UEFA Euro 2012 is coming to its end. Tonight (European timezones) will be played the first semifinal between Spain and Portugal, and tomorrow will be decided which between Germany and Italy will play the Final.
Surely it is tournament full of surprises:
- Netherland, the World vice champion, out with 0 points gained;
- France, one of the favorites, decided to suicide itself and its game against Spain;
- England confirmed as not able to express the quality of the football power its Premier League shows since decades.
But, from our marketer point of view, Euro 2012 was maybe the first real sport event on a global scale which saw the dominance of Social Media as the ideal buzz and communication media nowadays, and sports events – even more than tv shows or celebrity trivia – the most talked about topic. Sure, you can make me notice that this was already proved by Super Bowl and the South Africa Football Championship in 2010, but the first actually is all about Social Media and its penetration in the North American society (which is not the world society, right?) and the second was a good test but not really had the Social Media effects Euro 2012 is having now, especially because two years ago – for instance – Twitter was not so widely used by not geeks in countries likes Spain or Italy and, more important, the use of smartphones still was not so common as it is right now (and it still a great adoption margin to fill)
To cite Twitter before was on purpose. In fact, Twitter again has demonstrated to be the most preferred Social platform to use by the users to comment the games and the tournament’s news (check the #euro2012 category on Storify), and the Social Media which is really able to influence the news both online and offline, especially thanks to fact that it is the preferred channel football players use to engage with their fans.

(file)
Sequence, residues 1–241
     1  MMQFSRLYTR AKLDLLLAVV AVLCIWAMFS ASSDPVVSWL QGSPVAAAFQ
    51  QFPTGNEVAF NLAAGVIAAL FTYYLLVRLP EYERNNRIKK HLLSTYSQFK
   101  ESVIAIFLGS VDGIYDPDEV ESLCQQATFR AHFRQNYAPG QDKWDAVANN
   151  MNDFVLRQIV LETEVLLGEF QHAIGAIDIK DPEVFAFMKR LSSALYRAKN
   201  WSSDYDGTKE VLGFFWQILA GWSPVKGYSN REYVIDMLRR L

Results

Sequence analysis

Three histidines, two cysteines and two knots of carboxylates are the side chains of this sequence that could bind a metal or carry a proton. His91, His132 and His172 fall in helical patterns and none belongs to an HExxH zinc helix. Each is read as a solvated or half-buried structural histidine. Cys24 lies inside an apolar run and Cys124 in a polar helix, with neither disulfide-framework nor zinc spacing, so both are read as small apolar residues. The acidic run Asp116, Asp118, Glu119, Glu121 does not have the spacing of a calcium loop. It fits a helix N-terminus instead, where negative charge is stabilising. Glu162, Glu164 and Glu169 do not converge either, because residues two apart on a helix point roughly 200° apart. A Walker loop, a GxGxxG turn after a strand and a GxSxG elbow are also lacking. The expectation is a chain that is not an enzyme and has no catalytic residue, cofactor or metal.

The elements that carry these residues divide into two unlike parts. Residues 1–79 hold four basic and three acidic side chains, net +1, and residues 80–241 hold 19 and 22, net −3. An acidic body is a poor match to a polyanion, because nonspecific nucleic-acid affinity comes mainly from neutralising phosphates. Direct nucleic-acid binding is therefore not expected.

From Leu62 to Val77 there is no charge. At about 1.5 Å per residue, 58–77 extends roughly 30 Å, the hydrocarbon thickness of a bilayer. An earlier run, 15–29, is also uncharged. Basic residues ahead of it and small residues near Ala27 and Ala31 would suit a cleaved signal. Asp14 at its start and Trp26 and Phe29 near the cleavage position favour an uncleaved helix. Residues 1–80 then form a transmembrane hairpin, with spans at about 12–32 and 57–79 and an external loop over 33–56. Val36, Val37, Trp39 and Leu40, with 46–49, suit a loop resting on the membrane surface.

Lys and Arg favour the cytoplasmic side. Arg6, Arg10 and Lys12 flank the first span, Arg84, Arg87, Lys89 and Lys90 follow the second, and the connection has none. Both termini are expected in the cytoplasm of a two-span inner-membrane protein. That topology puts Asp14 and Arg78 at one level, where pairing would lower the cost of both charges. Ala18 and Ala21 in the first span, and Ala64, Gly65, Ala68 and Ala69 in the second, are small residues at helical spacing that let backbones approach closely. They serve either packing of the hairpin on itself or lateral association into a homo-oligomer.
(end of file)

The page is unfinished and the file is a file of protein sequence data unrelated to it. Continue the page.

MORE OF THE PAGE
But how should have been (or will be) this Euro 2012 accondingly to Twitter? Let’s say, if we take all the national teams and sum up the twitter followers of their players, should we have (or, better, have had) a realistic preview of what would the course of the tournament? To have question I and Ticketbis have tried to answer and the result is the infographic here below:
Even though the infographic was created more as a divertissement than – let’s say – a serious study about a possible correlation between number of fans and real opportunities to win the Eurocup 2012, from a marketer point of view those datas can teach several things, some of maybe obvious but other not so evident:
- Footballers are surely the best ambassors a brand may have. They are followed by a gigantic mass of people ready to shares almost everything they tweet;
- Conversely many footballers are quite willing to talk with their fans, which – for specific campaigns – can be a plus;
- National football teams can be an even more powerful marketing testimonial. The force of a marketing campaign on Social Media would not be just equal to the sum of all the players of the team, but also would lead the core values the same national team usually owns: strenght, willpower, ethics, youth and being a symbol of a nation and of its value as a brand.
Nike sent a Bag 72 to Cristiano Ronaldo few days ago at his hotel room during the Euro 2012. Everything was shot on video and published both on the Nike Portugal Facebook page (about 930K plus fans) and shared by Ronaldo himself on his Facebook page and Twitter (45 million fans and more than 10 million followers). The exposition of the Nike brand was – needless to say – global and had a natural derivation offline, with sport news programs on TV, radio shows, sports newspaper talking about that “event”.
That’s what we could define as the perfect example of scalable marketing.
But can be only Brands like Nike the ones who can “hire” a footballer as an ambassor?
Actually not. Charities, of any kind and size, can objectively convince any of them. Actually, there is no player who does not support a charity or it is ready to help promoting a charity.
But also government can – and wants – footballers and the national team to be the brand ambassors of their Nation. There are studies which demonstrate how the association Nation Brand and National Football Team have a beneficial effect over GNP and the external trade of a country.
What about small businesses? Is it possible for a small businees, let say a barber shop, to have a famous football player as a testimonial? Yes, it is. Remember, football players are young and – behind the celebrity aura – they are as any other person on this Earth. If it uses the “stalk method” Wil Reynolds so brillianty explained at the last edition of LinkLove, it may have an opportunity to engage him.
Ok… 7.10 pm, time to go… I’ve a football match to go watching and let see if the Twitter Euro 2012 is correct predicting Spain as finalist.